A recent study reveals that the human brain may have ten times the capacity for memory than once believed.
If there is one field of study where researchers are constantly puzzled by what they find, it is the study of the human brain. According to a report from Discovery News, scientists at the Salk Institute for Biological Studies and the University of Texas – Austin have discovered that the human brain has ten times the memory capacity than once believed.
How did researchers arrive at this number? The team, led by Salk professor Terry Sejnowski, set out to create a 3-dimensional model of the basic building blocks of a rat’s memory center, the hippocampus, including dendrites, axons, and glial processes. The model was the size of a single cell, but it contained a big secret.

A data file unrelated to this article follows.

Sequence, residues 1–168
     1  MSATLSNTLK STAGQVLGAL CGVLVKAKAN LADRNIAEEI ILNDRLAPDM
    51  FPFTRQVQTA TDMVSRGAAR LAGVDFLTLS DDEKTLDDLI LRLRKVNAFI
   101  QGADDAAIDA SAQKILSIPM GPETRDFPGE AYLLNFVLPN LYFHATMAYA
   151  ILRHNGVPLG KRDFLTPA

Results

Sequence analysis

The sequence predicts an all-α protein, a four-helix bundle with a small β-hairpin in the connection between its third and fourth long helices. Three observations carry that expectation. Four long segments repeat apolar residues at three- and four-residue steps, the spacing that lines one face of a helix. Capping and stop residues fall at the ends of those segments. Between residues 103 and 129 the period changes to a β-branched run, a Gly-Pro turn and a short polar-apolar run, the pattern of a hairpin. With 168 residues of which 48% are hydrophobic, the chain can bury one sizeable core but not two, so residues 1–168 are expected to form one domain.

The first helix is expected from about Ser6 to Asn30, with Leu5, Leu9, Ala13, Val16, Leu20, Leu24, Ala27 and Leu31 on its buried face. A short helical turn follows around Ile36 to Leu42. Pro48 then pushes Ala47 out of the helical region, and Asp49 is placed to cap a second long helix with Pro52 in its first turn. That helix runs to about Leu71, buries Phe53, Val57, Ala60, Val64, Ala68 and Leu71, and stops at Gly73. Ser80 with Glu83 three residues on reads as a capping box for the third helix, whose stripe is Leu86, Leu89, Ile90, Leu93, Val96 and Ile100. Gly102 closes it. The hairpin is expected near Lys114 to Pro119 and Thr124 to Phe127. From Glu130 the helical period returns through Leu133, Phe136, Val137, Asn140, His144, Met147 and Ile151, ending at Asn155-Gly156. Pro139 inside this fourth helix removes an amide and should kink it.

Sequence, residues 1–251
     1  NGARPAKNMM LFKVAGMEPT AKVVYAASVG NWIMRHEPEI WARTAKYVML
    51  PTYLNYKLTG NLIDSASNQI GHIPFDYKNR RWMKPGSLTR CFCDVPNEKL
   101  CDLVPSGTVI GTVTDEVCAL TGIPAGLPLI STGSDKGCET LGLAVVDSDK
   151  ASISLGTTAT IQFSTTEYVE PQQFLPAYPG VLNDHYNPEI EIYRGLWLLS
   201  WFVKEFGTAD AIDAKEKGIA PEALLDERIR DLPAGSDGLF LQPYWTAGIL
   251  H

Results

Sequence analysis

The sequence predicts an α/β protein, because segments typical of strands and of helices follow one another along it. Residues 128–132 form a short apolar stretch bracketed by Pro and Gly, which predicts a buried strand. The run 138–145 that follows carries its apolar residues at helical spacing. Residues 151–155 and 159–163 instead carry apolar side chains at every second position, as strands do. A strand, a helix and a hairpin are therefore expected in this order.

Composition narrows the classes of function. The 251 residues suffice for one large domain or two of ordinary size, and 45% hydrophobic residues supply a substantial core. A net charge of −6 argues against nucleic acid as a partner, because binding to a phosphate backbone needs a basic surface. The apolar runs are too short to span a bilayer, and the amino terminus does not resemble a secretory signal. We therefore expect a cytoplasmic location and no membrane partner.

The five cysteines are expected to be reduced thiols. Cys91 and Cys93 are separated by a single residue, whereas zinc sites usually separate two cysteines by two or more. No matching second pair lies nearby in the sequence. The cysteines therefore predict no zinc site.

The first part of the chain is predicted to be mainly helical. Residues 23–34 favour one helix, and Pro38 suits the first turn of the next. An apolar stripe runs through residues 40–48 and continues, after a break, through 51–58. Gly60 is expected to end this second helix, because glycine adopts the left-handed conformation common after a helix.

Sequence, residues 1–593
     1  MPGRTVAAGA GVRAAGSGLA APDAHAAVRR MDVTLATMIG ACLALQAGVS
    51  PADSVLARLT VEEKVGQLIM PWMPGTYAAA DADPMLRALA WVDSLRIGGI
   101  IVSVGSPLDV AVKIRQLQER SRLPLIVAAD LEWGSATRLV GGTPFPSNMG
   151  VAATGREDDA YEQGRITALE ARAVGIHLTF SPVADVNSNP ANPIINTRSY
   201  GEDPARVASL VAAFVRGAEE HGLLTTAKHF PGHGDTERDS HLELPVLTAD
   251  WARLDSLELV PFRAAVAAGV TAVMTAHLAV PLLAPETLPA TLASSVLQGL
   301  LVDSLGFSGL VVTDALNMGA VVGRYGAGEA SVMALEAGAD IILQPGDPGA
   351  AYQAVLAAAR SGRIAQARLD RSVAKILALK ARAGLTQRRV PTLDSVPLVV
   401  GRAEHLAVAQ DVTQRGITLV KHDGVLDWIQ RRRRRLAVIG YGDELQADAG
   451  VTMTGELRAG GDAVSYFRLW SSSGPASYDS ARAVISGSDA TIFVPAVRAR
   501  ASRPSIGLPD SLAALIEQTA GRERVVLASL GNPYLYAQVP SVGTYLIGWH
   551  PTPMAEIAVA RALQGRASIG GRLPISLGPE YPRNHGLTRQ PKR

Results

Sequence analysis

Researchers noticed that occasionally, a neuron would have two synapses reaching out to connect with another neuron, sending the same message twice.
Scientists found this strange, and they decided to investigate further. They found that the difference in size between the duplicating synapses was roughly eight percent. This hardly seemed significant at first. But when they plugged this size difference into algorithms that calculate how much information could potentially be saved in the brain, they realized just how big the brain’s storage center actually is.
Of all the synapses in the brain, sizes can vary by as much as a factor of 60. The majority of these synapses are small, but the discovery that they could vary by as little as 8 percent in size along such a great scale revealed that there are actually as many as 26 different types of synapses, instead of just a few.
According to Salk staff scientist Tom Bartol, We were amazed to find that the difference in the sizes of the pairs of synapses were very small, on average, only about eight percent different in size. No one thought it would be such a small difference. This was a curveball from nature.”
A press release from the Salk Institute for Biological Studies describing the recent breakthrough can be found here.